BINMAGEDDON!: Our street has been blighted by council

Blighted by bins: Canning Road in Addiscombe is supposed to be an attractive conservation area

KEN LEE on how some residents are responding to the imposition of wheelie bins they never wanted, and mostly never need

More than three months after the council spent £2.3million to deliver new wheelie bins to 150,000 properties around the borough, and the Council Tax-payers who paid for the often unwanted imposition on their properties are still seething over the way their homes and streets have been needlessly blighted.

Some residents were told by Croydon Council, belatedly, that, after careful reconsideration, they would remove the unwanted bins.

Bin and gone: Veolia often leave wheelie bins strewn across pavements and driveways after rubbish collections

Old recycling boxes, which the council first said would need to be taken to its recycling centres, would also be taken away by Croydon’s rubbish contractors, Veolia.

Others were told that instead of recycling boxes, they would be equipped with bags for their cans, bottles and paper waste.

Yet despite these council stated U-turns, many residents report that the unwanted wheelies remain, the recycling boxes have not been taken, and there’s been no sign of the promised bags for recycling.

“This is the mess we have been left with by Croydon Council in a conservation area,” one loyal reader living in Addiscombe told Inside Croydon today. It is this residents’ photograph, from Canning Road, which is at the top of this report.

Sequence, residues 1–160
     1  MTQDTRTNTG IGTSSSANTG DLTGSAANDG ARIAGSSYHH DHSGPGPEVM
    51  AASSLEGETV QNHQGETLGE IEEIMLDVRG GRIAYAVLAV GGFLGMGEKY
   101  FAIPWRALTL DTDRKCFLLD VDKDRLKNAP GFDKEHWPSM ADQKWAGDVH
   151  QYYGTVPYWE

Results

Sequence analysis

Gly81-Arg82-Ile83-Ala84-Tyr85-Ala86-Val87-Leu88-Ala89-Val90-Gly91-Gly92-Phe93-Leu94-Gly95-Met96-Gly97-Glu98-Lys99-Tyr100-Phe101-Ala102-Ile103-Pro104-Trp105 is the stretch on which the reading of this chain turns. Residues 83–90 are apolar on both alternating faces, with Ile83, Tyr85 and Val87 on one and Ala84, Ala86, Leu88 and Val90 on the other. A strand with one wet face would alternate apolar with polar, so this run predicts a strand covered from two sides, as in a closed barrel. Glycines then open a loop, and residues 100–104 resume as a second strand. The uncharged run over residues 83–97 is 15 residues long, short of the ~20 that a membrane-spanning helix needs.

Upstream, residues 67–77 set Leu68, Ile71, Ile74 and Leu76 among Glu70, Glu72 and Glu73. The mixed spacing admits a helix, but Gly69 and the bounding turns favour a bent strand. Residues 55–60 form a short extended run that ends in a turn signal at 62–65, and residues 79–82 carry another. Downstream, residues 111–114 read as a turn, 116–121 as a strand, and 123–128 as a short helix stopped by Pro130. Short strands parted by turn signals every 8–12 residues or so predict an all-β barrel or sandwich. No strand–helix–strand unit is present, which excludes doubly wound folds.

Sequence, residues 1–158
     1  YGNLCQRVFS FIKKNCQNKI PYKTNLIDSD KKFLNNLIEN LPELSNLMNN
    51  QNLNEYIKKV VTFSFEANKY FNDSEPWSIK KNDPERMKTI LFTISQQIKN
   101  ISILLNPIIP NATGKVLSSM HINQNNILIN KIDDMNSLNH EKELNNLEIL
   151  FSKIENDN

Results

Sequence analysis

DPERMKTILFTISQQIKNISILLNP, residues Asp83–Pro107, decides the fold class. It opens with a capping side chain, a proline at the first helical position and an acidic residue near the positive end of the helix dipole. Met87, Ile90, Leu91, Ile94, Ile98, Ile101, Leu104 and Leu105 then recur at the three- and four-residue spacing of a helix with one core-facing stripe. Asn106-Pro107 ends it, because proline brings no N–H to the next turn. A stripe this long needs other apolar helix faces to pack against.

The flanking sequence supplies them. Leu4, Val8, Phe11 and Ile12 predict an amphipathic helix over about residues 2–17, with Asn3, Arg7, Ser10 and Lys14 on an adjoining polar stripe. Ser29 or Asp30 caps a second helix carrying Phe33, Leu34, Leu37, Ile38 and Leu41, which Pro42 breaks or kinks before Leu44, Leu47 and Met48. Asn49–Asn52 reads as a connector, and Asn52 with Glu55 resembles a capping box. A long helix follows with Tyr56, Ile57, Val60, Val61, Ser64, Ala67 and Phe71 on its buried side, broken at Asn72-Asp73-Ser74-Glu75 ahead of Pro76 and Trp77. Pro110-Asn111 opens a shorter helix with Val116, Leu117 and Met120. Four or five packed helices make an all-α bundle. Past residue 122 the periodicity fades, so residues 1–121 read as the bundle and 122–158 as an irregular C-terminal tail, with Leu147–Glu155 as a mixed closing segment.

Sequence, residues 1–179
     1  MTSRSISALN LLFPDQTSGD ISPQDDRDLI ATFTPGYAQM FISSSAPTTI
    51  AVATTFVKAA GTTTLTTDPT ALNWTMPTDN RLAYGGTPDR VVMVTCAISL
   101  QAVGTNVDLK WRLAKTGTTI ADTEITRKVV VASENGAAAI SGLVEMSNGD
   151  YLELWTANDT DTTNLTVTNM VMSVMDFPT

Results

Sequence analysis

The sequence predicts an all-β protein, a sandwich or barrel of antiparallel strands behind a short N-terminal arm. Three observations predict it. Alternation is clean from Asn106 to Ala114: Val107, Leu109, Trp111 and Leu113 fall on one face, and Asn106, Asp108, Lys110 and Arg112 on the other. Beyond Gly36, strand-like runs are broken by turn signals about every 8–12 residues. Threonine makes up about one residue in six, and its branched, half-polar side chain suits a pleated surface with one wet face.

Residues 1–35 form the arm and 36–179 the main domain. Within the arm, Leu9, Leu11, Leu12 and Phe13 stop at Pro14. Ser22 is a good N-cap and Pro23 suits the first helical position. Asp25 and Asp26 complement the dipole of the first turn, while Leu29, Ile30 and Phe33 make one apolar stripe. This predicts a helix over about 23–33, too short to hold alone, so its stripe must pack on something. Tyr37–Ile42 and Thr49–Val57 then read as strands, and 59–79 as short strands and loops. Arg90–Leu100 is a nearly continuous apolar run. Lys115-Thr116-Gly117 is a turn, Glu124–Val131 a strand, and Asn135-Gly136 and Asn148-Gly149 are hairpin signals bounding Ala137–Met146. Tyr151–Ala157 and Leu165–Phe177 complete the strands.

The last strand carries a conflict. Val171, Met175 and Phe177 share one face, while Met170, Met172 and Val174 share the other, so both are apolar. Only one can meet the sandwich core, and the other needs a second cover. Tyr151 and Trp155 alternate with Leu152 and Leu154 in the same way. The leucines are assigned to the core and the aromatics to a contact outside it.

Bins and discarded recycling boxes are strewn across the front areas of private properties and the pavements.

“I have written and complained,”  the resident says, “and Veolia get the blame for not taking them away. London Borough of Croydon say they have taken them away, which we all know they haven’t.

Bins, as far as the eye can see: the eyesore wheelies and discarded recycling boxes do little to enhance ‘kerb appeal’

“Have a look at the Addiscombe conservation area, specifically Clyde Road, it’s just a bin collection  – they are everywhere, on the pavement, near the pavement, and they look awful.

“But what do the council care?”

They are sentiments shared by many residents across the borough, who complain that the council’s bins policy has now blighted their homes while providing no perceptible improvement in service.

About insidecroydon

News, views and analysis about the people of Croydon, their lives and political times in the diverse and most-populated borough in London. Based in Croydon and edited by Steven Downes. To contact us, please email
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